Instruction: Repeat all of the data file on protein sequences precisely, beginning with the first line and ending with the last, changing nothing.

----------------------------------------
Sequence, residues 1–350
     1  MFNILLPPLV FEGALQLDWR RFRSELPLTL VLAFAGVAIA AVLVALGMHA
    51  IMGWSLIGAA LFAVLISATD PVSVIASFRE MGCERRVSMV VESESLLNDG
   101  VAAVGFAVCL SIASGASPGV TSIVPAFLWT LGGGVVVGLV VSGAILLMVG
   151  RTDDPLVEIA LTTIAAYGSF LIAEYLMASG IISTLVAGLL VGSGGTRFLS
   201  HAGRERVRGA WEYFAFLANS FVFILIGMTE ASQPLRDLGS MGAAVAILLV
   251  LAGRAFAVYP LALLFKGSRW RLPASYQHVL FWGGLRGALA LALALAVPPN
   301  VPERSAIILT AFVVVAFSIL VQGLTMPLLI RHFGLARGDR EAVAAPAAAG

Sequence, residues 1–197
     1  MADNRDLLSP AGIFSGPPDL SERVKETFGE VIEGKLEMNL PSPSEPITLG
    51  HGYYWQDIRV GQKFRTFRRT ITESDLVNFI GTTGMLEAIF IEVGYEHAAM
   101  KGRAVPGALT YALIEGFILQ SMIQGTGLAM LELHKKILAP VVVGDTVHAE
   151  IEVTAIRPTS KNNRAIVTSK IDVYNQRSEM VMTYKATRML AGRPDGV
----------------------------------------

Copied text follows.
Sequence, residues 1–350
     1  MFNILLPPLV FEGALQLDWR RFRSELPLTL VLAFAGVAIA AVLVALGMHA
    51  IMGWSLIGAA LFAVLISATD PVSVIASFRE MGCERRVSMV VESESLLNDG
   101  VAAVGFAVCL SIASGASPGV TSIVPAFLWT LGGGVVVGLV VSGAILLMVG
   151  RTDDPLVEIA LTTIAAYGSF LIAEYLMASG IISTLVAGLL VGSGGTRFLS
   201  HAGRERVRGA WEYFAFLANS FVFILIGMTE ASQPLRDLGS MGAAVAILLV
   251  LAGRAFAVYP LALLFKGSRW RLPASYQHVL FWGGLRGALA LALALAVPPN
   301  VPERSAIILT AFVVVAFSIL VQGLTMPLLI RHFGLARGDR EAVAAPAAAG

Sequence, residues 1–197
     1  MADNRDLLSP AGIFSGPPDL SERVKETFGE VIEGKLEMNL PSPSEPITLG
    51  HGYYWQDIRV GQKFRTFRRT ITESDLVNFI GTTGMLEAIF IEVGYEHAAM
   101  KGRAVPGALT YALIEGFILQ SMIQGTGLAM LELHKKILAP VVVGDTVHAE
   151  IEVTAIRPTS KNNRAIVTSK IDVYNQRSEM VMTYKATRML AGRPDGV